Not much happening around here except for the everyday things which make me contented, the necessary jobs involved in meal making, keeping house, taking care of animals, and apart from a pandemic, a really great summer with lots of heat and almost the right amount of rain.
I laid out two soaker hoses in my vegetable garden, which, once again, is one of the best gardens I've had in years. It then rained overnight which gives much better results than any hose watering. Maybe the success of this garden is about starting a lot of my plants from seed indoors, as well as having fresh seeds (ordered online during the thick of the pandemic). Or it could be that most of my completely full compost container got worked into the soil and it is a lovely, hot, humid summer.
I always love to look at the intricacies of plants. I don't have a fancy camera (in fact, it's just my phone) and I am finding that the new blogger does not provide crisp, vibrant images anymore. My header photo, for example is much brighter than you see here. Does anyone else find that to be the case?
Regardless, my peas are climbing and have little pods and beautiful white flowers with delicate curly-cue vines.
My three pumpkin plants (yes, I am aware that my garden is too small to house three pumpkin plants plus everything else, but all three germinated. What could I do??) are taking over the world and as the vines reach the edge of the garden, I redirect and let them continue to wind their way through onions, carrots, and beans.
The blossoms are so pretty. (Notice the squash beetle? Bastards.)
I always grow leaf lettuce, rather than head lettuce. This is almost too pretty to eat.
I grew dill with the intention of making dill pickles, but we all know the story of my cucumbers, so now I just pull a bit off and squish it in my fingers to smell it. Heavenly!
Here's another colourful, although likely not edible plant. I did not plant flowers in my urns, as I was too late and all the good stuff had been scooped up by isolated, bored people. This coleus was a great alternative, grown by an independent green house owner.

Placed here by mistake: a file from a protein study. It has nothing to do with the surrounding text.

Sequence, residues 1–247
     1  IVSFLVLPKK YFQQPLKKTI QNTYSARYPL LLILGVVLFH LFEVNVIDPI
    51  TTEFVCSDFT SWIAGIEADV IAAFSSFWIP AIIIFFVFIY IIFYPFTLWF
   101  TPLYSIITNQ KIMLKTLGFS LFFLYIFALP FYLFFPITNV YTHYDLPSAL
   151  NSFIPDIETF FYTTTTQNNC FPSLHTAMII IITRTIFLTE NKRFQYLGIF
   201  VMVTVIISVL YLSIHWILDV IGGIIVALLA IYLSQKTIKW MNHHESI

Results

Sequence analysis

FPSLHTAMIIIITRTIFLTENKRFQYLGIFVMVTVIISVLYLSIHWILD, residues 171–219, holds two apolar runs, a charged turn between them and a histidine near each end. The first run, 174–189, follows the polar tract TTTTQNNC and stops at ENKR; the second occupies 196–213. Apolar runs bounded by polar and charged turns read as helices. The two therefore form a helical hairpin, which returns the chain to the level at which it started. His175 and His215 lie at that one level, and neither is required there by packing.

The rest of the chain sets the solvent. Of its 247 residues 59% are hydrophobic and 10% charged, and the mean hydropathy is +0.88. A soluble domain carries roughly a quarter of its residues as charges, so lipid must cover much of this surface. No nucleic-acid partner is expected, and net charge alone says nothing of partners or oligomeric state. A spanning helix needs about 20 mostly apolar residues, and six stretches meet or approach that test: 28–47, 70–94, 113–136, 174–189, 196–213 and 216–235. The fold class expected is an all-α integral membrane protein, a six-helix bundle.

Please imagine it to be more vivid than the photo is showing. It really is fabulous.
Blooming right now is my Russian sage, a perennial that is both big and little at the same time. The plants themselves take up quite a bit of space, but the flowers are small and understated, providing a "wash of purple" from a distance. I apologize for the out of focus one in the foreground. (No reading glasses at the time).
My header photo shows Russian Sage with Black Eyed Susan - a nice colour contrast.
Lastly, as anyone with "livestock" can tell you, sometimes something gets sick and dies. One of my brown hens was looking sick (purple-ish comb, listless, standing apart from others) and I likely isolated her too late, but I put her in a separate cage, gave her antibiotics in her water (and also put them in the water of the rest of the little flock), and a variety of food that she might like, but it was not to be. Now this morning, I saw another one had a floppy, although still red, comb and was starting to take that hunched - over stance that chicken owners are familiar with, so I managed to grab her and put her in the now disinfected cage with fresh antibiotic water and placed her in the shade, well away from the chicken coop.
We shall see. I am preparing myself to lose a few more. It happens.